School of Science Department of Chemistry 7 The Impact of Spike Mutations on SARS-CoV-2 Neutralization Supervisor: SU, Haibin / CHEM Student: CHANG, Ka Pui / CHEM Course: UROP2100, Fall UROP3100, Spring The recent emergence of the XBB.1.16 variant, also known as Arcturus, demonstrates the COVID-19-causing virus SARS-CoV-2 is still frequently mutating, particularly in its spike glycoprotein. The virus is constantly finetuning its virulence and transmissibility by different modes of mutations such as SAP, deletion, insertion, and N-linked glycosylation. Here, the refined dynamic expedition of leading mutations (deLemus) method, leading mutations by composite metric, a promising method for identifying mutations of interests in the spike and predicting viral evolution, and the online deLemus platform, which is developed to illustrate the mutation landscape and the evolving structure of the spike, both crucial information for monitoring the viral evolutionary dynamics, are introduced. The Impact of Spike Mutations on SARS-CoV-2 Neutralization Supervisor: SU, Haibin / CHEM Student: LEUNG, Cheuk Fung Alvin / BCB Course: UROP2100, Fall UROP3100, Spring UROP4100, Summer The co-translational transfers of carbohydrate moieties onto proteins contribute to their unique physical and biochemical properties. These regiments of sugars regulate various physiological processes, including the lifecycles of viruses. For one, the spike glycoprotein of severe acute respiratory syndrome coronavirus 2 (SARS-CoV-2) bears a glycan shield which modulates its infectivity and immune escape capability. Even though slight perturbations of the native glycosylation pattern may pose significant impacts on viral fitness, the evolutionary trajectory of potential N-glycosylation sites (PNGSs) remains poorly understood. In this report, PNGS evolution on the SARS-CoV-2 spike would be unravelled. Interestingly, attempts to quantify the spatial geometry of PNGSs on the N-terminal domain suggest that glycan evolution directs their redistributions differentially in the open and closed conformations. The Impact of Spike Mutations on SARS-CoV-2 Neutralization Supervisor: SU, Haibin / CHEM Student: LIN, Sijia / CHEM Course: UROP1000, Summer The severe acute respiratory syndrome coronavirus 2 (SARS-CoV-2) has made a great impact on humans in the past few years. Studying the evolution of the SARS-CoV-2 spike (S) protein may help us understand the virus in depth, which could benefit global public health. Different variants of SARS-CoV-2 were analysed in order of priority. Clade assignment, consensus sequence selection, mutation rate calculation and other analyses were performed on the Alpha variant. At the protein level, the pattern of mutation rates obtained using consensus sequences with different thresholds did not match the trend of the number of all Alpha sequences against time. Further analysis will be continued to find out the insight of viral evolution.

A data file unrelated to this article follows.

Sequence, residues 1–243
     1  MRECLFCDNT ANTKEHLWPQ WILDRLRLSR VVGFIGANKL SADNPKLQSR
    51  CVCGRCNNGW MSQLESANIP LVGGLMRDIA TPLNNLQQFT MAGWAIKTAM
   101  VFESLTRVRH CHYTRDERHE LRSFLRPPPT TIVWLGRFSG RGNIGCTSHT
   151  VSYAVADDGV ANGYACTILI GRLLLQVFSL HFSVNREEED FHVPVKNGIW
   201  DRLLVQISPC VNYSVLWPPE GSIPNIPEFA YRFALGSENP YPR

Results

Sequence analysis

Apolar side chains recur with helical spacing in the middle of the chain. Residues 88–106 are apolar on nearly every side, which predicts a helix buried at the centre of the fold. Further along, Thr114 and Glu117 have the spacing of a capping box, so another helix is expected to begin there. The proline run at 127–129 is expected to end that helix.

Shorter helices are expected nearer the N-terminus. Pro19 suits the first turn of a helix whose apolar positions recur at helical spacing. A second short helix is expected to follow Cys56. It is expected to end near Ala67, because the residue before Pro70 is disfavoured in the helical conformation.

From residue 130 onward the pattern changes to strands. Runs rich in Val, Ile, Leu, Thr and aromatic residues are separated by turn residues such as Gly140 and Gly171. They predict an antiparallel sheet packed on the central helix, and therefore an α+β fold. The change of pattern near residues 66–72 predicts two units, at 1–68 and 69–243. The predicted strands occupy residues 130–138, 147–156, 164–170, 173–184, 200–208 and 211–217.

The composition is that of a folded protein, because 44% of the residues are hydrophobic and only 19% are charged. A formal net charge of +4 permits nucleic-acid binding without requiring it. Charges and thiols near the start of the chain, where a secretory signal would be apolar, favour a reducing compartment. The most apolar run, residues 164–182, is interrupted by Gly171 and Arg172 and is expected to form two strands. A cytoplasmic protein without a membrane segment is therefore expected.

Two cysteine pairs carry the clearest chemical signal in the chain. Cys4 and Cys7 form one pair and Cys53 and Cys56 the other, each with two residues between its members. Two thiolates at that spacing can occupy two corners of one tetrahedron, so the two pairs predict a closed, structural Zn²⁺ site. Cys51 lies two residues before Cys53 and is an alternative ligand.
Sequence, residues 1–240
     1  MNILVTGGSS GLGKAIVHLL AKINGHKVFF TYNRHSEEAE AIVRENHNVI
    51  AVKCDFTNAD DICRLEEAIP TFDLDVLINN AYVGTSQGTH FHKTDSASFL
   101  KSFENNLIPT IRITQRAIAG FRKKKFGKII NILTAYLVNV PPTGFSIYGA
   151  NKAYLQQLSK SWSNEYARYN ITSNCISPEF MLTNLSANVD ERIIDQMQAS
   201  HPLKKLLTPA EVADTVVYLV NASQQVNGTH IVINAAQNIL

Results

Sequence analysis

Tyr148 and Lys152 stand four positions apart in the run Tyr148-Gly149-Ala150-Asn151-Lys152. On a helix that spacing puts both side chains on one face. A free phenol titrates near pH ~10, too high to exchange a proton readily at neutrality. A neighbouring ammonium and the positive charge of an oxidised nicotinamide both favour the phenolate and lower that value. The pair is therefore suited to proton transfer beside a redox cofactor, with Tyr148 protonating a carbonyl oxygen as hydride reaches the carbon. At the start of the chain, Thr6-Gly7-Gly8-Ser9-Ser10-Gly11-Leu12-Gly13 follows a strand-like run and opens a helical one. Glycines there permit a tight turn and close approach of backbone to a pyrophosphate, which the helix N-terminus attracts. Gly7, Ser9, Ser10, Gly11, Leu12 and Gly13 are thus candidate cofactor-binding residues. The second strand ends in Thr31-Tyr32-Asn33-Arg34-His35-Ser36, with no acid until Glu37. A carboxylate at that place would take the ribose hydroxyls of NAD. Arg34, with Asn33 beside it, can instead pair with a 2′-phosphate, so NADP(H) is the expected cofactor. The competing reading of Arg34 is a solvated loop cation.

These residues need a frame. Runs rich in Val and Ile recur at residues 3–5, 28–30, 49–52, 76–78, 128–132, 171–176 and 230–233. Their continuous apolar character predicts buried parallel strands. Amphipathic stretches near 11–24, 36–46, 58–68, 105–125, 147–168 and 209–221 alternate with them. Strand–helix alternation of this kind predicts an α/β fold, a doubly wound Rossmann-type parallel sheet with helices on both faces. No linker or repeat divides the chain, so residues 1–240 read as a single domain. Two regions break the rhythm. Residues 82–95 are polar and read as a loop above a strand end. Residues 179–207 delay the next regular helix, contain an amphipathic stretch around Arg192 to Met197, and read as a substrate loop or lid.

School of Science Department of Chemistry 8 Text Mining of Synthesis Methods of Metal Organic Framework Supervisor: SU, Haibin / CHEM Student: SIU, Chun Hey / CHEM-IRE Course: UROP1100, Fall Metal Organic Frameworks (MOFs), which are formed by mixing metal ions with organic linkers (ligands), have piqued the interest of researchers in recent years due to their numerous practical potentials. The Cambridge Structural Database records more than 80 useable metals, thousands of ligands, and about 5 methods of synthesis for MOFs specifically (Moghadam et al., 2017). There are still significant gaps to fill in order to better the understanding of MOF synthesis. This project extracts and evaluates synthesis methods and reaction conditions from thousands of MOFS experiments. Text Mining and Graph Mining are used extensively on chosen studies to collect a wide range of data for MOFs using personalized automation software. Data Analytics of Homogeneous Transition Metal Catalyzed Reactions Supervisor: SU, Haibin / CHEM Student: LI, Changwen / CHEM Course: UROP1000, Summer This UROP project aims to build a citation network for the team’s research paper on homogeneous nickel catalyzed (HoNiCa) reactions. The project involves analyzing keywords and their trends in the papers, determining the most influential papers, and capturing latent knowledge. Python code was developed to visualize keyword trends, generate word clouds, and provide graphical analysis of the citation network. Cytoscape is the primary tool used for building and visualizing the citation network. ChemBioDraw was employed for data extraction, including drawing chemical structures, and converting them into SMILES notation for training the transformer model. By implementing these methods, we observed an overview of our team’s reference papers, and have a deeper understanding of the research focus and popular topics. Data Analytics of Homogeneous Transition Metal Catalyzed Reactions Supervisor: SU, Haibin / CHEM Student: SHEK, Ching Yee / SSCI Course: UROP1100, Summer The study focus on the evolution pattern of alpha strain of the severe acute respiratory syndrome coronavirus-2 (SARS-CoV-2, 2019-nCoV), a inflections virus which has caused significant disruption to the world, by analyzing its mutation rate and machine learning. The report presents a workflow that involves the determination of a consensus sequence for each month, followed by graph plotting to analyze the mutation rate over time and population of the virus. Finding that the peak of mutation rate over time lags behind that of the population over time, possible reasons for it is discussed but has not been found. Future directions are also discussed.